Understanding the Risks of Toxic Exposure
Chemicals are everywhere. You will find them in toothpaste, shampoo, clothing, cleaning products, and even the food you eat. It is almost impossible to avoid them completely, but most chemicals are harmless in small amounts, keeping the average person safe from health risks. Unfortunately, the risk of severe adverse health effects is much higher for the millions of people who regularly work with dangerous substances. Sometimes, a leak or spill accidentally exposes workers. Other times, people work with toxic chemicals for years before scientists and health experts realize that extended exposure to those chemicals could be hazardous. People can also be exposed to hazardous substances depending on where they live. Affected people can pursue lawsuits, or toxic tort litigation, to try to recover compensation for their injuries and suffering.
Chemicals That Cause Toxic Exposure
Roughly 8,700 chemicals are manufactured and processed in the United States. These chemicals fuel the economy by driving billions of dollars in commerce in nearly every industry. However, there is a significant downside to their usage. A handful of these toxic substances are regularly responsible for injuries, sickness and even death, and exposure poses a risk to individual human health and public health at large. Some common ones are listed below.
Arsenic is in the air we breathe every day, as well as organically in fish and shellfish. It is used inorganically to produce industrial alloys and copper, which are highly toxic and linked to cancer. People are often exposed to arsenic through drinking water and food, especially in developing countries. In the U.S., workers can be exposed to this toxic substance while processing glass, ammunition, and other products.
Cadmium is a chemical element found in cell phone batteries, plastics and metal coatings. This means that battery manufacturers, welders, solderers and window makers are exposed to cadmium while working. Smokers are also at high risk for cadmium exposure because cigarettes contain high levels of the chemical. Extensive cadmium exposure can cause organ system toxicity and lung, kidney, and pancreatic cancers.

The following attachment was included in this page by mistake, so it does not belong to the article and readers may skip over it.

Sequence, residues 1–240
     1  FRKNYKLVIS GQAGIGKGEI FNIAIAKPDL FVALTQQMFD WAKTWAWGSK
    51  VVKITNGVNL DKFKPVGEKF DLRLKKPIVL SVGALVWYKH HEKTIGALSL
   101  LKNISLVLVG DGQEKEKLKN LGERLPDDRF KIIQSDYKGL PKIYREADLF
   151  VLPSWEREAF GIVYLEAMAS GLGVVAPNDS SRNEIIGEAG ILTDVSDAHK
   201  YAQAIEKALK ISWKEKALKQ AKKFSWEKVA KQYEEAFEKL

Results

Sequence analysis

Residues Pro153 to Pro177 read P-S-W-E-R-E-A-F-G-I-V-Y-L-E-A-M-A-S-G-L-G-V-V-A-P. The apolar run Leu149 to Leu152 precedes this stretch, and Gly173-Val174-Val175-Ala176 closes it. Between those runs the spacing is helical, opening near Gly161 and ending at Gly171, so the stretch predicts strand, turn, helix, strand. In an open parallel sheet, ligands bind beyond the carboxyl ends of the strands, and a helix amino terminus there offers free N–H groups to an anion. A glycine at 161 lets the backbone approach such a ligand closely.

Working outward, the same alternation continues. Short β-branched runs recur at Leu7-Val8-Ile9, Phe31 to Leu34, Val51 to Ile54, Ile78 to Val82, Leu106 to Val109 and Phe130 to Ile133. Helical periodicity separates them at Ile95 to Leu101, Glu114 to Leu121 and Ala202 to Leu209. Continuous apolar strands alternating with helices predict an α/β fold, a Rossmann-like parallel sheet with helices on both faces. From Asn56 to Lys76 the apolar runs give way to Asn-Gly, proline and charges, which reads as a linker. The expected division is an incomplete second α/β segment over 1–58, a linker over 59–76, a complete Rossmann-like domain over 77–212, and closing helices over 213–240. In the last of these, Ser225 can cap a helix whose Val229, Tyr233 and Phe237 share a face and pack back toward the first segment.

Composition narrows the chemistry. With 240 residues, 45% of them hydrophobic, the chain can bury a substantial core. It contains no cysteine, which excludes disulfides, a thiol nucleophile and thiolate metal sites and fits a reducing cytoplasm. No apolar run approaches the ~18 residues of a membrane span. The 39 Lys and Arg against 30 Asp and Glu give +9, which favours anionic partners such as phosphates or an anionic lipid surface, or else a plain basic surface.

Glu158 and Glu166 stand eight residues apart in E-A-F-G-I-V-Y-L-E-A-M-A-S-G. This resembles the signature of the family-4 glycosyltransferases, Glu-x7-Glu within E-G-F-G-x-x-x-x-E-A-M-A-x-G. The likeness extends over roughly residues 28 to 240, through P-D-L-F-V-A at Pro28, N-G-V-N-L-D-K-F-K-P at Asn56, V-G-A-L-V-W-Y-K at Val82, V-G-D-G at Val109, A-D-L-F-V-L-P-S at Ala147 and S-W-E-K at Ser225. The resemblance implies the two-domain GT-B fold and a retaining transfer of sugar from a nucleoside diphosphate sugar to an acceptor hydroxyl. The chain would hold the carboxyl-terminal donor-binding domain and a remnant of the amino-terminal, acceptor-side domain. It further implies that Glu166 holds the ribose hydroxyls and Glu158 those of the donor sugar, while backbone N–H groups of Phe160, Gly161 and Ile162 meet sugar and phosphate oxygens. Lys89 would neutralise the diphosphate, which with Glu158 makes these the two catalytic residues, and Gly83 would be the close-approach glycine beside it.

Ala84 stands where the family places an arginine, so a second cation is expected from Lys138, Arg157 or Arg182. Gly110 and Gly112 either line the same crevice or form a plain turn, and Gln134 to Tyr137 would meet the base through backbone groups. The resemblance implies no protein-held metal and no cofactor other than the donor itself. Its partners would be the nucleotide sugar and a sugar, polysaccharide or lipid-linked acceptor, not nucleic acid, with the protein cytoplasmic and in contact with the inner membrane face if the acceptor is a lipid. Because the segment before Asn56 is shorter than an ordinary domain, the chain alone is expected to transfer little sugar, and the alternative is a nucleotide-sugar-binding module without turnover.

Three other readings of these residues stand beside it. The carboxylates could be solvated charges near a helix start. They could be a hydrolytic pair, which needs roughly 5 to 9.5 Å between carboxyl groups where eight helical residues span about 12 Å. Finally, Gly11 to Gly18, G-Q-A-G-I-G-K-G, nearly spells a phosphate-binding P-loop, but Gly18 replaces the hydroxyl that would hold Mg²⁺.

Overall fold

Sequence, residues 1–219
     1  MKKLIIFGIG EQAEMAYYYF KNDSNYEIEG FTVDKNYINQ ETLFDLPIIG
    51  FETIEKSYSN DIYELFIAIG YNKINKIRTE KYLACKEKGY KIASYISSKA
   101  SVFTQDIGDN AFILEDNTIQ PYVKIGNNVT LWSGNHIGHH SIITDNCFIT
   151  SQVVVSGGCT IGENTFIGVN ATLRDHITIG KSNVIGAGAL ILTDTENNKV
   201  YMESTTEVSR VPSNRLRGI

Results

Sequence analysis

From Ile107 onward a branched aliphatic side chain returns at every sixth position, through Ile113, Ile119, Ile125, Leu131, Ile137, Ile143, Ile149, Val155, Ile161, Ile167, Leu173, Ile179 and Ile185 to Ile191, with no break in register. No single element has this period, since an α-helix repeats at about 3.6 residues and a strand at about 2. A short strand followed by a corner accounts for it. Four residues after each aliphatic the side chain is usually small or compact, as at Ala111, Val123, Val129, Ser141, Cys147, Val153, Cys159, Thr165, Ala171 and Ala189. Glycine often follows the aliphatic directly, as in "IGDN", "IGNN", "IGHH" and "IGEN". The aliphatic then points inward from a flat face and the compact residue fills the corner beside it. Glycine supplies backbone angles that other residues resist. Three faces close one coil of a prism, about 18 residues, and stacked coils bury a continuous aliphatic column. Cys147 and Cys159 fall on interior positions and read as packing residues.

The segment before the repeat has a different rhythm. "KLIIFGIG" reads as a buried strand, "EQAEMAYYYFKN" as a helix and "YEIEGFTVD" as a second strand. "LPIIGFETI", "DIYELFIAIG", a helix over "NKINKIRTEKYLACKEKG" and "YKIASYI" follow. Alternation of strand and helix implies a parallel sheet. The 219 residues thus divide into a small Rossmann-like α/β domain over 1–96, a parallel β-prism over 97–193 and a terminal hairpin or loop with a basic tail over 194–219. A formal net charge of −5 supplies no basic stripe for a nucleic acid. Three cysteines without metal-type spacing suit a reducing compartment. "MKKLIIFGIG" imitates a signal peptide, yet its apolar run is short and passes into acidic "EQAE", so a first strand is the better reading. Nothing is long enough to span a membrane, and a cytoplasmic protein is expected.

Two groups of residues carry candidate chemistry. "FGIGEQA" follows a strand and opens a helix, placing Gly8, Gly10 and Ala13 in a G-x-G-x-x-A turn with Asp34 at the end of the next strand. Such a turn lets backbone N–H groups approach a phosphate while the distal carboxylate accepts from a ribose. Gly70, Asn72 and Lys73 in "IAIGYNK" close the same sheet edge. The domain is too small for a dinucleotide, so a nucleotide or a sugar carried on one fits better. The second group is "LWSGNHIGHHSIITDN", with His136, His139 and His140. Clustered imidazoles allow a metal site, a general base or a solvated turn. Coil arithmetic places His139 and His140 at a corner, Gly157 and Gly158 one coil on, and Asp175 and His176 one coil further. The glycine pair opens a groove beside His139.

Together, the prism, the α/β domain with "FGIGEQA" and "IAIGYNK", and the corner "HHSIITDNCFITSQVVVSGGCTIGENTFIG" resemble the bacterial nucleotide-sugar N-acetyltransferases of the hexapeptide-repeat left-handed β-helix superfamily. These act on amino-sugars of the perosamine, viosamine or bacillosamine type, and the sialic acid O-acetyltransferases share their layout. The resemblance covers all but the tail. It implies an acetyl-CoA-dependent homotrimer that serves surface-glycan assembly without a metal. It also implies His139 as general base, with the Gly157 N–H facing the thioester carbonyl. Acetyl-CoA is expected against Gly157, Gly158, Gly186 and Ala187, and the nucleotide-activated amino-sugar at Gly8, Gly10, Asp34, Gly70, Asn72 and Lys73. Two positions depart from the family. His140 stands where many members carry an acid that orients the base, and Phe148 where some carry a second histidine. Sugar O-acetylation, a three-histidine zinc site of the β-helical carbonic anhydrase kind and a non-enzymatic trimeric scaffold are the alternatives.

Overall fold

Cars, golf clubs and computers all contain beryllium metals, which are also vital for medical and nuclear technology. However, beryllium dust and fumes are hazardous, and the U.S. Occupational Safety and Health Administration (OSHA) requires companies to make sure their employees are not exposed to high levels. Still, it can cause serious side effects like chronic beryllium disease, a lung condition that can reduce life expectancy.
As one of the world’s most widely used hazardous substances, benzene is present nearly everywhere. The colorless chemical is used to make plastics, resins, dyes, detergents and pesticides, just to name a few. It is also produced during forest fires and volcanoes. Benzene inhalation can happen indoors and outdoors, especially at hazardous waste sites. Exposure can cause immune system damage and interfere with bone marrow production.
Manganese is a trace mineral that our bodies need, and both the enzyme system and nervous system rely on it. It is found in many foods and available as dietary supplements, so its toxicity is somewhat confusing at first glance. Low-level exposure is safe, but workers in industrial settings breathe in high levels of manganese dioxide and manganese tetraoxide, both of which can cause lung inflammation and respiratory diseases.
Crystalline silica, or quartz dust, is a mineral found in the earth’s crust used to make stone, concrete and mortar. Unfortunately, it also causes adverse health effects like lung cancer. Those in ceramic, pottery and quarry industries are often exposed to silica and are at higher risk of silica-related cancer. OSHA regulates permissible exposure limits for silica workers, but it is still inhaled by those working on job sites.
Paraquat is a herbicide used by farmers and ranchers around the world. It can quickly kill weed-resistant plants, which makes it a cost-effective solution to protecting crops. However, its efficacy comes at a cost. It is highly toxic, and one small sip is enough to kill. There is no antidote, so paraquat poisoning is fatal. Long-term exposure can also cause neurological damage and has been linked to Parkinson’s disease.
Most commonly sold under brand names like Roundup, Rodeo and Pondmaster, glyphosate is a herbicide that kills weeds and gets crops ready for harvest. Unlike paraquat, which is only sold to licensed applicators, glyphosate is available in stores and online. Inhaling or touching your face after using it can cause irritation, nausea and throat burns. Studies suggest that glyphosate could be linked to certain types of cancer, particularly non-Hodgkin lymphoma.